The Royal Navy’s ice patrol ship HMS Protector has launched tiny pilotless aircraft from her decks for the first time to assist with navigating through the Antarctic.
A quadcopter and a 3D-printed aircraft have scouted the way for the survey ship so she can find her way through the thick ice of frozen seas.
It’s the first time the Royal Navy has used unmanned aerial vehicles in this part of the world. The Service has been operating ScanEagle ‘eyes in sky’ from frigates in the Gulf for the past couple of years which feed vital live imagery back to ships on maritime security patrols.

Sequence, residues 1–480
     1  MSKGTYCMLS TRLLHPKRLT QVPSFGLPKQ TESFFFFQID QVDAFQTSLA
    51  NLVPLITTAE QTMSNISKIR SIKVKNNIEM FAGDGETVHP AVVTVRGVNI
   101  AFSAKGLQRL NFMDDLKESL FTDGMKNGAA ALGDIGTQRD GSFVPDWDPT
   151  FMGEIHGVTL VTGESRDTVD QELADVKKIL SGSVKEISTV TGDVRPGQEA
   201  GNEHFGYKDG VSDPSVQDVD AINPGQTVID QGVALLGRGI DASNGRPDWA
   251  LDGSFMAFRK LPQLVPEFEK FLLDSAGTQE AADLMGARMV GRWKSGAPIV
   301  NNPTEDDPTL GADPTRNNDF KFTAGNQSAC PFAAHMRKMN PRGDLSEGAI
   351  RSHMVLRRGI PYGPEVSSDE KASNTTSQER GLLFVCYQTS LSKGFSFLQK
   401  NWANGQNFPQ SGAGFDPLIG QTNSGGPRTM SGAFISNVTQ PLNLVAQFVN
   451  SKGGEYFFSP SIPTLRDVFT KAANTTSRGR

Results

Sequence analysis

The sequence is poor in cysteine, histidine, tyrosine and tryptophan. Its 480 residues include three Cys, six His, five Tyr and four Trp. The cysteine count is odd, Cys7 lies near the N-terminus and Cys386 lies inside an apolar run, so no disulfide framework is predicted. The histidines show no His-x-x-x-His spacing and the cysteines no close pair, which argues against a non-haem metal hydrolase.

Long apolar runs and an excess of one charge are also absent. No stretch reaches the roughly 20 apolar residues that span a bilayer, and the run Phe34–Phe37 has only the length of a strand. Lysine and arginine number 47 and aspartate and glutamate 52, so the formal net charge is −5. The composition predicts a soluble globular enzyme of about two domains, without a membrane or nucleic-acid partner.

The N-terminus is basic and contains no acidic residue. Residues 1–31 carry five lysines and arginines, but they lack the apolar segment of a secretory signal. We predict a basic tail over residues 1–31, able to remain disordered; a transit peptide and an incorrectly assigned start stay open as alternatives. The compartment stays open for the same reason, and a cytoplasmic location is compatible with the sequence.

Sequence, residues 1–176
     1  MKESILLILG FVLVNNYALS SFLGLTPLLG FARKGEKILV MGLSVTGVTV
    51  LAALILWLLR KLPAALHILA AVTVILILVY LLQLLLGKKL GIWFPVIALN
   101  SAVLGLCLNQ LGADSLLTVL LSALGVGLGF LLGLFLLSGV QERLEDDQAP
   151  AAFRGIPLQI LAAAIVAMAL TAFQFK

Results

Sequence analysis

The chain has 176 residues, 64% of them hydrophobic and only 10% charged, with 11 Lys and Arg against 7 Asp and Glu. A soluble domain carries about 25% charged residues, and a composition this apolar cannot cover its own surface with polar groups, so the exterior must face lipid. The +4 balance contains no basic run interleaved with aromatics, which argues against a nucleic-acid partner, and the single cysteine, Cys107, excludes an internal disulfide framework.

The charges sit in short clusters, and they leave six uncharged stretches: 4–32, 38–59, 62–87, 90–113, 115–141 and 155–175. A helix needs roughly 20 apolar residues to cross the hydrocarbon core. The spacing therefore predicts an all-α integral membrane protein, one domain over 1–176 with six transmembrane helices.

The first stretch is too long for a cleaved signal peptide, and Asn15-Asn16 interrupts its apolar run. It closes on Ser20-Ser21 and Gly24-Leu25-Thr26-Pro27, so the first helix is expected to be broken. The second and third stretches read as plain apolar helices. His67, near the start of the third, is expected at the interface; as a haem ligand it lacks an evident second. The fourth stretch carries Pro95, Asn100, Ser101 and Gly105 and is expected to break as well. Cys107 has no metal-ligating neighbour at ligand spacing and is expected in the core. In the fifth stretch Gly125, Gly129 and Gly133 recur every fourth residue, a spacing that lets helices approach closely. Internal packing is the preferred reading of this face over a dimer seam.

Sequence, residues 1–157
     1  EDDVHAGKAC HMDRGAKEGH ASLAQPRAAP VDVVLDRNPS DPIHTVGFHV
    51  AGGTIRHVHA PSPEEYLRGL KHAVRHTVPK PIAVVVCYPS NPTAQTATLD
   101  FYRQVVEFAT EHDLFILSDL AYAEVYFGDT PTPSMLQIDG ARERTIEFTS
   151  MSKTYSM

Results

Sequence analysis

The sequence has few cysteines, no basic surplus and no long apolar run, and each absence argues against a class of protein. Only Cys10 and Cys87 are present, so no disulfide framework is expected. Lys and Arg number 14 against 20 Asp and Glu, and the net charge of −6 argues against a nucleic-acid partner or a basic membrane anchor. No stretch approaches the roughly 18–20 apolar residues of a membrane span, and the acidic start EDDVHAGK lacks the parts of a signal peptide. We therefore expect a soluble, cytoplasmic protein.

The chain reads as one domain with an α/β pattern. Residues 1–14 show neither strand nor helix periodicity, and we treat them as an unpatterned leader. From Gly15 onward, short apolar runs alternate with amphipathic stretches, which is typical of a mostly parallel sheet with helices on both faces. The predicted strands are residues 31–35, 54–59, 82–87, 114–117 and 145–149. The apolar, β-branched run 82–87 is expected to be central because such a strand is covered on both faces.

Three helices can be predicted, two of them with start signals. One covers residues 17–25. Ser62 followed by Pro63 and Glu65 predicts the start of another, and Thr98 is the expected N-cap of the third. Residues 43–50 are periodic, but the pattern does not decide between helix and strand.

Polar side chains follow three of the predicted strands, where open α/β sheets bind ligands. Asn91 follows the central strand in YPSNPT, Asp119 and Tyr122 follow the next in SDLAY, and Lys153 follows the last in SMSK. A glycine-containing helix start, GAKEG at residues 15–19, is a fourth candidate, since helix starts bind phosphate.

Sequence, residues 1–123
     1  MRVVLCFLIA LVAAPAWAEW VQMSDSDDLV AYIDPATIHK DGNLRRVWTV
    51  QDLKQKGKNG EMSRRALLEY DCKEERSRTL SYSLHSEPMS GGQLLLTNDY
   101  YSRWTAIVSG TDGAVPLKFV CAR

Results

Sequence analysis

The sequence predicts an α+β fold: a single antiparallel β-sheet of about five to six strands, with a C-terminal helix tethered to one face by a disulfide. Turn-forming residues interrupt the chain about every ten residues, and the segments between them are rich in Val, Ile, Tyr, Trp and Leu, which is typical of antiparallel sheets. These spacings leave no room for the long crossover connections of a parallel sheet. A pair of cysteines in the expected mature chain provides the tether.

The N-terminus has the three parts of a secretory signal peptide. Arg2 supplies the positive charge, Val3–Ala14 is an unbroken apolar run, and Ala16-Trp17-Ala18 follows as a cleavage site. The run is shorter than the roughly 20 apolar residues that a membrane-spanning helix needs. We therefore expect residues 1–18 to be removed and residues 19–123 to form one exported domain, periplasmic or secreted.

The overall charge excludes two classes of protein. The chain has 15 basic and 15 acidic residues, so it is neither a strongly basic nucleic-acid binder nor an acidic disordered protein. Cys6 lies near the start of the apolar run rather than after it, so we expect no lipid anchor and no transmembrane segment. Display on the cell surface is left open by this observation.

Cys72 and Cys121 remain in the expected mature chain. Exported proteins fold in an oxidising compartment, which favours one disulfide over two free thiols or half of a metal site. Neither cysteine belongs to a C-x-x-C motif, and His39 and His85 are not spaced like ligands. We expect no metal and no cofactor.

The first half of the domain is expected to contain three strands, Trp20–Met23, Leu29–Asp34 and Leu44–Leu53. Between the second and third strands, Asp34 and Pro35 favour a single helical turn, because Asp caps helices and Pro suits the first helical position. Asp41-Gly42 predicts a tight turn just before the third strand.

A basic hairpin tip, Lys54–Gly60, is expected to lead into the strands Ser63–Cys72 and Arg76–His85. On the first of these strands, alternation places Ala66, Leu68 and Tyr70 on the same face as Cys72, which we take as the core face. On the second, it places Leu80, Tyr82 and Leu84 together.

The craft launched from Protector are smaller and less hi-tech, but still provided the icebreaker with real-time high-quality information courtesy of a detailed picture of the surrounding environment from a perspective that is only available from the air.
The quadcopter has been used for short-range reconnaissance missions, while the 3D-prin ted mini aircraft has been sent off on longer patrols.
The brainchild of experts at Southampton University, the Laser-Sintered Aircraft – shortened to SULSA – is made of nylon, printed in four major parts and assembled without the use of any tools – it is the world’s first ‘printed’ airplane.